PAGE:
Chapter 1 – Organizational Behaviour and Management
What are Organizations?
•Organizations: Social inventions for accomplishing common goals through group
•Essential characteristic of an organization is the coordinated presence of people.
•OB is about understanding people and managing them to work effectively.
•OB is concerned with how organizations can survive and adapt to change.
•People have to
oBe motivated to join and remain in the organization
oCary out their basic work reliably, in terms of productivity, quality, and
oBe willing to continuously learn and upgrade their knowledge and skills
oBe flexible and innovative
•Organizations depend on interaction and coordination among people to accomplish
•OB is concerned with how to get people to practise effective teamwork.
What is Organizational Behaviour?
•Organizational Behaviour: The attitudes and behaviours of individuals and
groups in organizations. OB provides insight about effectively managing and
•Studies how organizations can be structured more effectively and how events in their
external environments affect organizations.
•Important areas of OB include cooperation, conflict, innovation, resignation, or
•Issues in OB include organizational culture and its role in an organization’s success,
employee learning, training, and career planning, motivation and compensation, and
Why Study Organizational Behaviour?
Organizational Behaviour is Interesting
•OB helps us understand why employees become committed to an organization and
what motivates them to work hard, and why organizations are successful/failures.
Organizational Behaviour is Important
•Understanding OB can make us more effective managers, employees or consumers
•OB explains the differences between successful and failure organizations and uses
the explanations to improve organizational effectiveness and efficiency.
Organizational Behaviour Makes a Difference
•Sustained competitive advantage and organizational effectiveness are increasingly
related to the management of human capital and organizational behaviour.
Goals of Organizational Behaviour
Predicting Organizational Behaviour
•Predictions of organizational behaviour are not always accurate.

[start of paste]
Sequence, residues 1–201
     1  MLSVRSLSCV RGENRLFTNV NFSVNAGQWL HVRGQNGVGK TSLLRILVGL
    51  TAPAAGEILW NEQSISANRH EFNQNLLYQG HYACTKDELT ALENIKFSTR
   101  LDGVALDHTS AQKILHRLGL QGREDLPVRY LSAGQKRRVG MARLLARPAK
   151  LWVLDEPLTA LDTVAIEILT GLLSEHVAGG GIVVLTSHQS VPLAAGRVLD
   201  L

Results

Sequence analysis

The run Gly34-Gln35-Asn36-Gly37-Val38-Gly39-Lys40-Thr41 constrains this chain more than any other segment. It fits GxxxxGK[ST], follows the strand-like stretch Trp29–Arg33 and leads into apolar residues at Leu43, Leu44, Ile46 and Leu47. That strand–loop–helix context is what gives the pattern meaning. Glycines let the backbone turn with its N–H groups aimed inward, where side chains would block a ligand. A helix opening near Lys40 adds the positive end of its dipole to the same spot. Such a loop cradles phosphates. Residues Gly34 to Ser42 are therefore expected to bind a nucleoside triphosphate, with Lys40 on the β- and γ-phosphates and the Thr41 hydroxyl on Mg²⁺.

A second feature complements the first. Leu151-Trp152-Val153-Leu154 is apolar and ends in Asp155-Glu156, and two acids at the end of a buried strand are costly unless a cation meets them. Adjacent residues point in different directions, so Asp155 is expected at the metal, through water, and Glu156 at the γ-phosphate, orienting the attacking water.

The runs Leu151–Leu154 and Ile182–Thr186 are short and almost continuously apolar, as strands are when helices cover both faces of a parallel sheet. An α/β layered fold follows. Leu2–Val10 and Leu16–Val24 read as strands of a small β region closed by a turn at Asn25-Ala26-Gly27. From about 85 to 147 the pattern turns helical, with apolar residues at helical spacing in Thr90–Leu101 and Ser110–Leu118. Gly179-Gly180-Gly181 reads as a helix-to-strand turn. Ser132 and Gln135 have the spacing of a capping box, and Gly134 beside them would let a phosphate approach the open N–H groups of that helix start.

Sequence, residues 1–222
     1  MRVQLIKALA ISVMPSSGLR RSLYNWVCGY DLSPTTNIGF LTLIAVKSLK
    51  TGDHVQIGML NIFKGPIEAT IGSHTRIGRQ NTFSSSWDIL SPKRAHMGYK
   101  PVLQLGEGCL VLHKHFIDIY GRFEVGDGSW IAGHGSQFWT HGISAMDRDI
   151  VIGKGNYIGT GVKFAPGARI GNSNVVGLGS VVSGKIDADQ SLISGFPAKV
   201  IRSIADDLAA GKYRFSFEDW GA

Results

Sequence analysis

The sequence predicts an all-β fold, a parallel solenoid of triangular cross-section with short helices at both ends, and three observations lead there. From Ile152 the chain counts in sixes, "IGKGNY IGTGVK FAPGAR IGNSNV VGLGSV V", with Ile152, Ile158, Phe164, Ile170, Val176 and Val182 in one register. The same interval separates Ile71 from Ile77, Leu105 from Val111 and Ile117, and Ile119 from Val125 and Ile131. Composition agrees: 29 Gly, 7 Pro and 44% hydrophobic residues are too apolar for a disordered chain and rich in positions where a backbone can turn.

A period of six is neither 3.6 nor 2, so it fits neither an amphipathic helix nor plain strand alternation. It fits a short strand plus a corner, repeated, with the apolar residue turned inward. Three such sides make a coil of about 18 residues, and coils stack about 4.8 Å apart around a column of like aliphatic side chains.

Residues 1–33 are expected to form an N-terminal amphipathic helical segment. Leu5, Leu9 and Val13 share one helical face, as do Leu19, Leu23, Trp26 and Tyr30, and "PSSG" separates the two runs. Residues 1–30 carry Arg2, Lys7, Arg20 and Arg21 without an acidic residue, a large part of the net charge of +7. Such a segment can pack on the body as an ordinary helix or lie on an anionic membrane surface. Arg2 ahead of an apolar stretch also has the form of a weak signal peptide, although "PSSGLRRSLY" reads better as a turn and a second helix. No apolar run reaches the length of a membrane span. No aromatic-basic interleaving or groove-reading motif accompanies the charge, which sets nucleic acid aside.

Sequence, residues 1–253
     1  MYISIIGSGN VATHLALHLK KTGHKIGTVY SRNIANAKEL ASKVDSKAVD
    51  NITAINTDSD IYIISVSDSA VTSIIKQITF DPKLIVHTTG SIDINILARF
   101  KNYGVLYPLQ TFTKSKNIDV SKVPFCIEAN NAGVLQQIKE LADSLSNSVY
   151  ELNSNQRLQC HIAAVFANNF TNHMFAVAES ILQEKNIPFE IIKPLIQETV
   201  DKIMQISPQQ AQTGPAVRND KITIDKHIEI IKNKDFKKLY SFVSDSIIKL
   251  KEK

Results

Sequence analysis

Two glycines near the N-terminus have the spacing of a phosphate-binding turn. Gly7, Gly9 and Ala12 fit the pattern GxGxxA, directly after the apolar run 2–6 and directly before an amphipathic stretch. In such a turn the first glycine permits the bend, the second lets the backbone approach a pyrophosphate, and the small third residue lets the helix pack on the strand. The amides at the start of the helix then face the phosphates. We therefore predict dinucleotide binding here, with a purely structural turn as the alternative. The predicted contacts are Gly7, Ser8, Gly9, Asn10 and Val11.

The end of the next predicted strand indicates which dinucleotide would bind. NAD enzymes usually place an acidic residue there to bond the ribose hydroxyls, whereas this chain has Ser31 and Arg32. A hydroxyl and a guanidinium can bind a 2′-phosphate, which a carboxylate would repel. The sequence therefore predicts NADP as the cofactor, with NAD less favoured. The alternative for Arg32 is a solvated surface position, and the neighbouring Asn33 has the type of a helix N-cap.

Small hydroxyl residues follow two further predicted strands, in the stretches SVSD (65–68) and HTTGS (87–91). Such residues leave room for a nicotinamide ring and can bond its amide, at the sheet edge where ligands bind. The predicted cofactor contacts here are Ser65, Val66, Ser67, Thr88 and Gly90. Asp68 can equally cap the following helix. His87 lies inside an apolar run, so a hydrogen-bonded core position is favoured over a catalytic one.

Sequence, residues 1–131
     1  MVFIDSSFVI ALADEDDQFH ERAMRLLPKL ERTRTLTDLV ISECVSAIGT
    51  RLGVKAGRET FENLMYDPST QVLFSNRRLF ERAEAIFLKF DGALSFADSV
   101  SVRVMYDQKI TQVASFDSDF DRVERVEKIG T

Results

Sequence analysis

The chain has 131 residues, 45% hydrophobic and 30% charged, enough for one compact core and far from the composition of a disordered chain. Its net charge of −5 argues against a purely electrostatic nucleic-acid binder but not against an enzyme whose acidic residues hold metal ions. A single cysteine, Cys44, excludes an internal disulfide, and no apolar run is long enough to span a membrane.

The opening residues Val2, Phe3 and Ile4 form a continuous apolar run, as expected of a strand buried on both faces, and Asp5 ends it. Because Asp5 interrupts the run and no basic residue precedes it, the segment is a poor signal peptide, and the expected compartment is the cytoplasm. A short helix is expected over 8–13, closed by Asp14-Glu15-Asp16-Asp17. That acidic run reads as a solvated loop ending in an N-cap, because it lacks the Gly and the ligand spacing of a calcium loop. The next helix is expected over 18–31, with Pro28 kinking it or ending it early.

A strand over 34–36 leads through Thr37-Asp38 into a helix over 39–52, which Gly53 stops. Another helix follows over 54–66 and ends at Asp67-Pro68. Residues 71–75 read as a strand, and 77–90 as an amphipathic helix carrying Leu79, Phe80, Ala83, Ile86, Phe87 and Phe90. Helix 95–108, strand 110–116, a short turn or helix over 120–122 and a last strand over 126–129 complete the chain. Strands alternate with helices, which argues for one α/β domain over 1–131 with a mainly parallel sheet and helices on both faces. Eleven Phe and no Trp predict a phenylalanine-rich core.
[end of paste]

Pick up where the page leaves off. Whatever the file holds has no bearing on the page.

•OB provides a scientific foundation that helps improve predictions of organizational
Explaining Organizational Behaviour
•Determining why people are more or less motivated, satisfied, or prone to resign.
•Have to predict something is going to happen, find out why, then correct it.
•A particular behaviour could have many different causes, each of which requires a
specific solution (e.g., people resign from their jobs for many different reasons).
•Causes of a behaviour can change over time (e.g., people may quit depending on the
Managing Organization Behaviour
•Management: The art of getting things accomplished in organizations through
•Managers acquire, allocate, and utilize physical and human resources to accomplish
•A variety of management styles might be effective depending on the situation at
Early Prescriptions Concerning Management
The Classical View and Bureaucracy
•Classical Viewpoint: An early prescription on management that advocated high
specialization of labour, intensive coordination, and centralized decision making.
oEach department tends to its own affairs, with centralized decision making
from upper management providing coordination.
oTo maintain control, managers have fairly few workers, except for lower-level
jobs where machine pacing might substitute for close supervision.
•Scientific Management: Frederick Taylor’s system for using research to determine
the optimum degree of specialization and standardization of work tasks (e.g., written
•Bureaucracy: Max Weber’s idea type of organization that included a strict chain of
command, detailed rules, high specialization, centralized power, and selection and
promotion based on technical competence. Characteristics:
oStrict chain of command in which each member reports to only a single
oCriteria for selection and promotion based on impersonal technical skills